Ozzie, who these days is chief executive of Groove Networks, has a very personal understanding of what Ellison's going to face when Oracle takes ownership of PeopleSoft. When IBM launched a hostile bid for Lotus in June 1995, Ozzie, who invented Lotus Notes, became the subject of intense media scrutiny.
Would he stay or would he go (taking along his team of crack engineers and leaving Big Blue in the lurch)? Making sure Ozzie stuck around was key to the deal--so much so that CEO Lou Gerstner even flew by helicopter to Ozzie's Westford, Mass., headquarters to pay a personal call.
IBM wanted to buy Lotus because its Notes product was arguably the best commercial groupware technology product then in the market. The product also was central to Gerstner's plans to refashion IBM, which was then still recovering from the near-disastrous mismanagement of John Akers.
So IBM pulled out all the stops. Whatever Gerstner said to romance Ozzie, it worked. He stayed, and so did his team. Sweetening IBM's original $3 billion bid by half a billion bucks also helped erase lingering suspicions. But this deal primarily got done because IBM management showed a different side. Gerstner and his lieutenants went out of their way to woo Lotus as if its employees were the most important people in their world.
Of course, nothing lasts forever, and Ozzie and a good chunk of Lotus' management eventually split. But by then IBM had what it wanted, and most Lotus employees still had jobs, so neither side had major reason for complaint.
Will the PeopleSoft transition to the new regime be as smooth? Here's where a real oracle would come in handy.
The haggling around a final price might have left a bitter taste in peoples' mouths, but the decision to increase Oracle's "best and final" $24 per share offer by another 10 percent will go a long way to buy employee goodwill (at least temporarily).
Still, that's not the same as engendering loyalty. Right now, topic No. 1 at watercoolers across PeopleSoft's Pleasanton, Calif., campus is job security. I'm not talking about senior management--they're history, but they're also walking away with millions to ease the discomfort of an early retirement. I mean the top coders among the rank and file who still need regular paychecks to feed their families.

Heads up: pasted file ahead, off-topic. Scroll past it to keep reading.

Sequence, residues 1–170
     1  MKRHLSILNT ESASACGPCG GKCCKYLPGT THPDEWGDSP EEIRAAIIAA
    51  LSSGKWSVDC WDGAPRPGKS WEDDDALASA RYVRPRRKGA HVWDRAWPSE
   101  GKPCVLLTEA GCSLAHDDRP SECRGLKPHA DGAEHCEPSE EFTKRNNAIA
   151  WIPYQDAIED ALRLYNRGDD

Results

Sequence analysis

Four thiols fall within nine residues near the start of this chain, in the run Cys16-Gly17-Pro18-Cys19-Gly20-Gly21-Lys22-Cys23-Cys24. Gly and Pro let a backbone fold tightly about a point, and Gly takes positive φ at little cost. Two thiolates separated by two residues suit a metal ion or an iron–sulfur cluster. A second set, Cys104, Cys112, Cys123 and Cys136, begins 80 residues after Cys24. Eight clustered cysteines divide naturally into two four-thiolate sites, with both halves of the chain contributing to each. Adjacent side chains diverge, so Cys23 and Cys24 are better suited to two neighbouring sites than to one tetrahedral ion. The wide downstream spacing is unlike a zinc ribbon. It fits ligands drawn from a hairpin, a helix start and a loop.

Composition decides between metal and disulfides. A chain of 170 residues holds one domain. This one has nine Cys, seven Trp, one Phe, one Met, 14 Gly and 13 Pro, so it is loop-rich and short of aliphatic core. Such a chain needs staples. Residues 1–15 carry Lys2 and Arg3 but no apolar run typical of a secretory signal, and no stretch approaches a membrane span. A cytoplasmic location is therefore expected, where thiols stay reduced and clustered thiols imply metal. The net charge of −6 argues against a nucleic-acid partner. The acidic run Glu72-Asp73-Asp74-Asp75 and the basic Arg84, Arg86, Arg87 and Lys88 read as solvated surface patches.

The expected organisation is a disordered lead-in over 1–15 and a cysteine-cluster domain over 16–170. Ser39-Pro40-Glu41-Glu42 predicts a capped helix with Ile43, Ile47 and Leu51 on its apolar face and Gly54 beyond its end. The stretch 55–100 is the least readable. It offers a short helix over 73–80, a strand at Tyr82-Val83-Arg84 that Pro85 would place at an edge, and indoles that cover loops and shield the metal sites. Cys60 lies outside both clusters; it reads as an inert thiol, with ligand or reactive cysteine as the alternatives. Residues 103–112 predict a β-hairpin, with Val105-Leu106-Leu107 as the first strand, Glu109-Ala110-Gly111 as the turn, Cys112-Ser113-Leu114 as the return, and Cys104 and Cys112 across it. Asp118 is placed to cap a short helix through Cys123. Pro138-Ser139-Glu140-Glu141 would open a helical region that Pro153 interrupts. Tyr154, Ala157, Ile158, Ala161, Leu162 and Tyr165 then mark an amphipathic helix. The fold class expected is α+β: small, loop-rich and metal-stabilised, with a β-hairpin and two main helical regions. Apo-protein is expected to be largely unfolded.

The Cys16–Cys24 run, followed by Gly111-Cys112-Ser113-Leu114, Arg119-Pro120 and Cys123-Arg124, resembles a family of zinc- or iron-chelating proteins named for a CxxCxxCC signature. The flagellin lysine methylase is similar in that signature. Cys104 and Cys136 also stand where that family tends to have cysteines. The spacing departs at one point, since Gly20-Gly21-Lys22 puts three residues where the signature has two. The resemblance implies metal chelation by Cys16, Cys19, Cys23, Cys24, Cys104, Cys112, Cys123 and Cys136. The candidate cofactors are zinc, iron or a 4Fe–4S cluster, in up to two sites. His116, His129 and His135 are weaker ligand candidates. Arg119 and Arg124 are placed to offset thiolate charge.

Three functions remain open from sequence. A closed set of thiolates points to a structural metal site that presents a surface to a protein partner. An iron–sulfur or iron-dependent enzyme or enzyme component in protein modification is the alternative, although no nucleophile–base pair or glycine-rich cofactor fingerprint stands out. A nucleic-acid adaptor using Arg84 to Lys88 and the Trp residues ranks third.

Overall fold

Ellison has pledged to keep PeopleSoft's product lines alive for quite some time, but what does that really mean? And how many PeopleSoft employees will Oracle need to keep around if it's to deliver upon that promise? Keeping the best and the brightest among them now becomes Ellison's top priority.
Above all, Oracle needs to buy time. And if it's going to keep the PeopleSoft talent pool intact--at least for the next year or so--Ellison needs to orchestrate a charm offensive the likes of which we haven't seen since Adam and Eve were snookered into biting the apple. Or at a minimum he needs to avoid treating his new employees like a conquered army.
Oracle does have something working for it: The rebound in the Silicon Valley job market remains tepid at best. (On Friday, Santa Clara County reported that it had lost 1,600 jobs in November.) Even if the PeopleSoft crew can't stomach their new bosses, there are mortgages and car loans to pay down. Unless Ellison pushes these folks out the door, most will be tempted to stay put. Six months from now, however, the tech market may be in a lot better shape, and that's when the resumes could start flying off the presses.
Charles Cooper is CNET News.com's executive editor of commentary.
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